Once, when he had behaved with particular rudeness to
a young French intellectual at a dinner party in Paris at the home of
Nancy Mitford, Miss Mitford, angry at his social brutality, asked him
how he could behave so meanly and yet consider himself a believing and
no idea," Waugh returned, "how much nastier I would be if I
was not a Catholic. Without supernatural aid I would hardly be a human
Evelyn Waugh was a British novelist. His novels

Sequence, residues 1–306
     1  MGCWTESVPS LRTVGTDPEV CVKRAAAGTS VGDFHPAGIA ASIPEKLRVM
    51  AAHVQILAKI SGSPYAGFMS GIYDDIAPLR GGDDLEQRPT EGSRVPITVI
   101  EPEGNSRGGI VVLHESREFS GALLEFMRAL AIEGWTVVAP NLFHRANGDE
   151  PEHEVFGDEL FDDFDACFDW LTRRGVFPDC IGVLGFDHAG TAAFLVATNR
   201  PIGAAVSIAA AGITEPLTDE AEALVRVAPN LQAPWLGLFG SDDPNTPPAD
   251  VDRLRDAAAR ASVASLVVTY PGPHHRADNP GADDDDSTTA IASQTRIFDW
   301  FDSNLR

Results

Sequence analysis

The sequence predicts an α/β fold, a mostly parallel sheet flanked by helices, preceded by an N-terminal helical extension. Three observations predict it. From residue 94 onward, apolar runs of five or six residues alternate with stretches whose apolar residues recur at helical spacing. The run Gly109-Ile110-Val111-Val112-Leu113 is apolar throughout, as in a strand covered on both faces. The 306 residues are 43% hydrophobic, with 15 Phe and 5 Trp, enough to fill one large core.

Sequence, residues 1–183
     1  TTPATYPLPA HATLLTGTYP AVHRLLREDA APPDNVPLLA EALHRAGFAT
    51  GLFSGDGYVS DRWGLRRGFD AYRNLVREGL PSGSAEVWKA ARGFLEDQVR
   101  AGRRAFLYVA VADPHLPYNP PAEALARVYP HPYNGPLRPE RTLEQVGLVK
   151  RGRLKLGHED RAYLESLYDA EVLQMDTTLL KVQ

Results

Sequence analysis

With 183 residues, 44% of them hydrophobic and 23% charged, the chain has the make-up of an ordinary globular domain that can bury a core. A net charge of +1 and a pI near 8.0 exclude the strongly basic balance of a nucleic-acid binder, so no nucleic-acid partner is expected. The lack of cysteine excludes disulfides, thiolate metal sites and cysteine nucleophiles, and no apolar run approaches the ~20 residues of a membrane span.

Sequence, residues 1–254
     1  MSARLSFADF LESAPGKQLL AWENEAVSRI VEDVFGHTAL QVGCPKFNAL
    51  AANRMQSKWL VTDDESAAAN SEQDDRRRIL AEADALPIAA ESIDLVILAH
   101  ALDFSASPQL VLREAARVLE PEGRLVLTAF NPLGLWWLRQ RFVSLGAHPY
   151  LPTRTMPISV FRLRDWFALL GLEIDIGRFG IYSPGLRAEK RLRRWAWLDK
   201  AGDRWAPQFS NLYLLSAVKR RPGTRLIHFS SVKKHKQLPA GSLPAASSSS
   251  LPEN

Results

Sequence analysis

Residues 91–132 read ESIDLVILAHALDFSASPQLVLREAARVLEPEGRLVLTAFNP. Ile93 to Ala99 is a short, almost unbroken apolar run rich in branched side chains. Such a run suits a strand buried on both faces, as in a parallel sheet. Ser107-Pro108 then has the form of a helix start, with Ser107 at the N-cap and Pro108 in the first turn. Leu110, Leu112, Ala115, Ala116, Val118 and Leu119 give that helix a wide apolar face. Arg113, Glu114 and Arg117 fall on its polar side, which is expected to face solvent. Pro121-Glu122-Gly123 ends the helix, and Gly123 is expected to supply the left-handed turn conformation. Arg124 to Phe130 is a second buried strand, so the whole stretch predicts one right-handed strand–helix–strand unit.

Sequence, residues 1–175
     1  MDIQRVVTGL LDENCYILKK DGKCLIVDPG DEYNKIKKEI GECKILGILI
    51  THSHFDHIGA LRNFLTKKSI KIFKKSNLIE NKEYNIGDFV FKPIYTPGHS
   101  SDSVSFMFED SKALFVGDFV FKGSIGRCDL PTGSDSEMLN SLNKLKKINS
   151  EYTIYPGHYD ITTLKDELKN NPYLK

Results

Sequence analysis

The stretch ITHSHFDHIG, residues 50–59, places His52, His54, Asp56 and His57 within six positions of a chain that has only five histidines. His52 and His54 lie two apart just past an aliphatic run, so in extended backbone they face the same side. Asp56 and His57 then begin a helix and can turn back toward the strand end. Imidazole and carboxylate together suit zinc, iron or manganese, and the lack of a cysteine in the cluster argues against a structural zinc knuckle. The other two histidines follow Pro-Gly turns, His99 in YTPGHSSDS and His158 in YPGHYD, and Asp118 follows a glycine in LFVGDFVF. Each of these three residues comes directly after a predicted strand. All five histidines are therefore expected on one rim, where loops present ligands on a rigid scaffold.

"Decline and Fall" (1928) and "Vile Bodies" (1930)
established him as a social satirist. After his conversion to Roman Catholicism
in 1930, religious themes played an increasing part in such novels as
"Brideshead Revisited" (1945). Later books include his wartime
trilogy—"At Arms" (1952), "Officers and Gentlemen"
(1955), and "Unconditional Surrender" (1961).
FIND OUT MORE about Evelyn Waugh—one of our favorite satirists. Take a guided tour of Doubting Hall, a Web site with information about Waugh's works and a guide to further reading.